bringing them back to me is a little less than perfect.  As it turned out, about a quarter mile in to our walk, Cinder began tugging at my pocket, wanting the flyer. Throughout our little jaunt, she played the game as I'd hoped-even bringing it all the way back to me, dropping it at my feet.  It was warm so Cinder needed a drink. She had to learn to drink from a plastic baggie since that was all I had to pour water in for her on the trail. We got back to car, parked in a field, and she wanted to continue playing the game
with our flyer. A few throws later and she began jumping to catch the flyer-something I hadn't thought she'd do.  I had to curtail the game because of her desire to do too much high, twisting jumping.  I have to admit, I will enjoy that with her when she's old enough to let her go for it with the jumps!  She has a mission to boldly go wherever she goes!

       Sunday evening, I decided it was time for all the dogs to have real baths, but I didn’t
really feel like bathing them in our bathroom because I didn’t want to clean up the mess afterwards.  Instead, I thought it a good time to go to the self-serve dog wash/car wash-it would be Cinder’s first visit.  Cinder’s had many baths so that’s not new. Going to the dog wash is new. It also meant using a ramp into the steel tub and back out; while also experiencing a different bath experience than those she gets at home.  When we arrived at the dog wash, imagine my surprise when I patted my hand on the ramp to the tub and Cinder got right on and up it, into the tub and sat down as if she’d done it many times.  She sat quietly and calmly for her bath and seemed to enjoy it.  I had no idea it would go so well.  Yay!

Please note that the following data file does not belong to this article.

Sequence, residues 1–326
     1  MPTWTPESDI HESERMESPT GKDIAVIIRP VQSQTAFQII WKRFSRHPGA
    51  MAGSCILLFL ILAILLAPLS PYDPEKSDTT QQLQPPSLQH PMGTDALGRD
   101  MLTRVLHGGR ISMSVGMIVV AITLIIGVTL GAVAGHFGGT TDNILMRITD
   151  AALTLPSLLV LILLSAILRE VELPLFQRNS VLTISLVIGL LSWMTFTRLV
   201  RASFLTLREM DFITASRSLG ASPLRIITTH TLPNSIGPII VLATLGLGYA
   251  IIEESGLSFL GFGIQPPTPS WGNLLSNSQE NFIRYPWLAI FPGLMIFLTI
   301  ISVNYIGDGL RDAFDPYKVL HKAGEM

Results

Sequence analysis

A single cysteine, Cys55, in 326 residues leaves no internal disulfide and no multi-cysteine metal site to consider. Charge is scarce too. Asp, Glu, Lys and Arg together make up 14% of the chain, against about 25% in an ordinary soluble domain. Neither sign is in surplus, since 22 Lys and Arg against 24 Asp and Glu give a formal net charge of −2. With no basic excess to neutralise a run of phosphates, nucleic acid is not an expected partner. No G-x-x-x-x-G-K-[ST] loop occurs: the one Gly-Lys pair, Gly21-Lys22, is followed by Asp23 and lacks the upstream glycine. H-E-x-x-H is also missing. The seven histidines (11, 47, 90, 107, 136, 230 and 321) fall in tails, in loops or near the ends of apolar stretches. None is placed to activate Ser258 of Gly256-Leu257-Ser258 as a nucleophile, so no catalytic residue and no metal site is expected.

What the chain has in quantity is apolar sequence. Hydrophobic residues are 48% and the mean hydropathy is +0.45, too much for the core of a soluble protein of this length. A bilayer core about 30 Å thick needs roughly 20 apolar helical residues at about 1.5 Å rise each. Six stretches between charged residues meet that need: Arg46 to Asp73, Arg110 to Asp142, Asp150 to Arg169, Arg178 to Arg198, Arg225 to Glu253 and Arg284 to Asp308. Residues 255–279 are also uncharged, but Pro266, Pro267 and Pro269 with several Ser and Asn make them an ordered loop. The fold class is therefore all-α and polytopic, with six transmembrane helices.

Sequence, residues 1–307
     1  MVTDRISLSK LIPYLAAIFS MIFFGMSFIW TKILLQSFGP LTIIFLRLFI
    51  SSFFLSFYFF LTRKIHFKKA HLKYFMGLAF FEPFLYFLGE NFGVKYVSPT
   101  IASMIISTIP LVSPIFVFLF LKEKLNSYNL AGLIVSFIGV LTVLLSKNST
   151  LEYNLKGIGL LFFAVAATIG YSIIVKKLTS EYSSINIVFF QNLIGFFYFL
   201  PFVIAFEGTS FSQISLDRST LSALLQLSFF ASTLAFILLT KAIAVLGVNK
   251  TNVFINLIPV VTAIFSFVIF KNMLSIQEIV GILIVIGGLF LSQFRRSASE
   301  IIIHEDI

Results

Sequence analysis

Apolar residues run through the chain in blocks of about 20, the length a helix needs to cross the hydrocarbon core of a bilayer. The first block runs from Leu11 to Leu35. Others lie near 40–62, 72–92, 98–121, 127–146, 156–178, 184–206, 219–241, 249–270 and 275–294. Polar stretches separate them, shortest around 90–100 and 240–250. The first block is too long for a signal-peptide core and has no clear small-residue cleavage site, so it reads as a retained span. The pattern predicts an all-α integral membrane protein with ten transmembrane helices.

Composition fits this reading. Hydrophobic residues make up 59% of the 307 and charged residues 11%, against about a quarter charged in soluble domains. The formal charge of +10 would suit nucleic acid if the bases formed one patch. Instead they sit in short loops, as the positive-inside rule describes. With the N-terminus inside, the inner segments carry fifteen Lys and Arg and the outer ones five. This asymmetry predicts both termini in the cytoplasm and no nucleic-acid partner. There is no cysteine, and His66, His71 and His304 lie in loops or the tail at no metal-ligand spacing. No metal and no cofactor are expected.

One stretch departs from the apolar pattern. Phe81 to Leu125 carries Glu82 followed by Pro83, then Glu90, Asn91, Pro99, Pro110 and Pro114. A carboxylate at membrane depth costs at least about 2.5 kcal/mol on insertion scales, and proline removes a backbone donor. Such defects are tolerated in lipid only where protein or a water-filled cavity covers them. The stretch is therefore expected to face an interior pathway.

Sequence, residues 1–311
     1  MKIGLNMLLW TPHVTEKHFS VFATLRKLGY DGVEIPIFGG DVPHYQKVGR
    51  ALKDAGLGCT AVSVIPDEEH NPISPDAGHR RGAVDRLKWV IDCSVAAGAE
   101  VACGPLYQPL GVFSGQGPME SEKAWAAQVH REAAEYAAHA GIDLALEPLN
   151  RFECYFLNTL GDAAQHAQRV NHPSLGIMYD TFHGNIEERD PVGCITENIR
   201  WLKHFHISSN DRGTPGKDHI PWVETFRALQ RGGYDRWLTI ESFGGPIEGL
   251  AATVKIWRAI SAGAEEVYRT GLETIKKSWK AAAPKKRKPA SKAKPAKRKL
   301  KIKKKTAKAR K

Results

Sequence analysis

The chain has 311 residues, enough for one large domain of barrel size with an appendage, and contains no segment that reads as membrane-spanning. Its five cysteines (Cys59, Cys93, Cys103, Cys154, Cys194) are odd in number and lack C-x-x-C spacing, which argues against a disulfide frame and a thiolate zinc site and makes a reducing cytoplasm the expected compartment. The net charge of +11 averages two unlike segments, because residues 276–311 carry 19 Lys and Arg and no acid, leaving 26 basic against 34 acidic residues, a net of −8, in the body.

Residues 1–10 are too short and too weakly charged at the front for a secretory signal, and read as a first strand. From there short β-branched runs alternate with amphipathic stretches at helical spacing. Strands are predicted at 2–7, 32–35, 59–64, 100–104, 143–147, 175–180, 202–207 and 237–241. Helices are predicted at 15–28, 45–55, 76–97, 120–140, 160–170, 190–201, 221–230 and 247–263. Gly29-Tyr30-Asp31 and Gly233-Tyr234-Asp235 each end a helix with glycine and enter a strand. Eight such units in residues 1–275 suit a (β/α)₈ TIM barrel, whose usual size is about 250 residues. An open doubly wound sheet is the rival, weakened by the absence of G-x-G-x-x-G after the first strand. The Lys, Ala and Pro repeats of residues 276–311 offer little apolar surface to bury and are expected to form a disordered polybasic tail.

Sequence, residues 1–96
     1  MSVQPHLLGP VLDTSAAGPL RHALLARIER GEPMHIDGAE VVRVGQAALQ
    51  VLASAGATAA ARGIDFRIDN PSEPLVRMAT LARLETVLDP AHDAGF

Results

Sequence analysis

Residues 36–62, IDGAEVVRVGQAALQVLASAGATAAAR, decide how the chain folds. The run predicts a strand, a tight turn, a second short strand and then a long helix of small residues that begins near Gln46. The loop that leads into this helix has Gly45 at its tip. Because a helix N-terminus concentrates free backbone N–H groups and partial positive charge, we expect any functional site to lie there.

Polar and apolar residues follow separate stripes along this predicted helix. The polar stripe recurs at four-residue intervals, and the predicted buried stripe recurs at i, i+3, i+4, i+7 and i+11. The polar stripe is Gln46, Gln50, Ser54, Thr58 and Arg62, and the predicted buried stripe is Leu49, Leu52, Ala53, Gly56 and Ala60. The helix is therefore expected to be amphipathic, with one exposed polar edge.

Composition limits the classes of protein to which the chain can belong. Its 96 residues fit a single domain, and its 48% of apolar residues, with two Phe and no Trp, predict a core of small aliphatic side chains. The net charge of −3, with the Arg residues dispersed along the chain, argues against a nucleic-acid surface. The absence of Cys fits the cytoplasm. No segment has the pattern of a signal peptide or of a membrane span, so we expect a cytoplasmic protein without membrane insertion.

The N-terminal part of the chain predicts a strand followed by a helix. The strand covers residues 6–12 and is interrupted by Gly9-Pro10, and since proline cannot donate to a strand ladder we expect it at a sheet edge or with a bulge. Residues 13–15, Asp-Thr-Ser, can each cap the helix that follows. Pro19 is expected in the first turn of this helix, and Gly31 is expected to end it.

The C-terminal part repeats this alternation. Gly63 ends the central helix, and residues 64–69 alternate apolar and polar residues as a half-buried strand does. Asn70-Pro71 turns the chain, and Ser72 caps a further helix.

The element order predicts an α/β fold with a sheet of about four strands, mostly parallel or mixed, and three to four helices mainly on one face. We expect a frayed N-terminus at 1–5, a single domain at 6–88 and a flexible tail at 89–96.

Sunday night and Monday, I was deathly ill. I won’t go into detail, but my husband, Brian, was ready to take me to the Emergency Room.  I wouldn’t let him.  I said it takes three days of illness like that before I’m willing to go.  I slept all day yesterday.  None of the three dogs were away from me!  All three were on the bed, snuggled beside me.  When I got up, wobbly and sick, they assumed positions beside me and went with me.  Even Cinder, a seven month old puppy, was glued to me.  Instead of being her normal bouncy self, wanting to play all day, she snuggled on the bed by my feet and never moved unless I got up-for over 16 hours!  Brian had to go to work last evening in order for his overtime to be counted as overtime-something we desperately need with me unemployed. He’d wanted to crate Cinder in his absence, afraid she’d get into things or generally be too needy for me to rest. He called a couple times to check on me; and I’m sure he expected that although I’d said Cinder need not be crated while he was gone, he was sure I’d be crying for him to come home and rescue me from Hurricane Cinder.  I told him each time he called that she was still on the bed with me.  Cinder never left me and didn’t make any messes of any kind anywhere while he was at work.  He came in and marveled that we were all snuggled up almost the same as we’d been when he left.  One has to wonder if it’s just her nature to stay with me of her own accord; or was it the influence of Gilley and Buzz, my constant companions and guardians? Either way, staying with me the entire day without being bothersome and without leaving for even a few minutes to go potty, get a toy, or something is pretty impressive for a seven month old pup.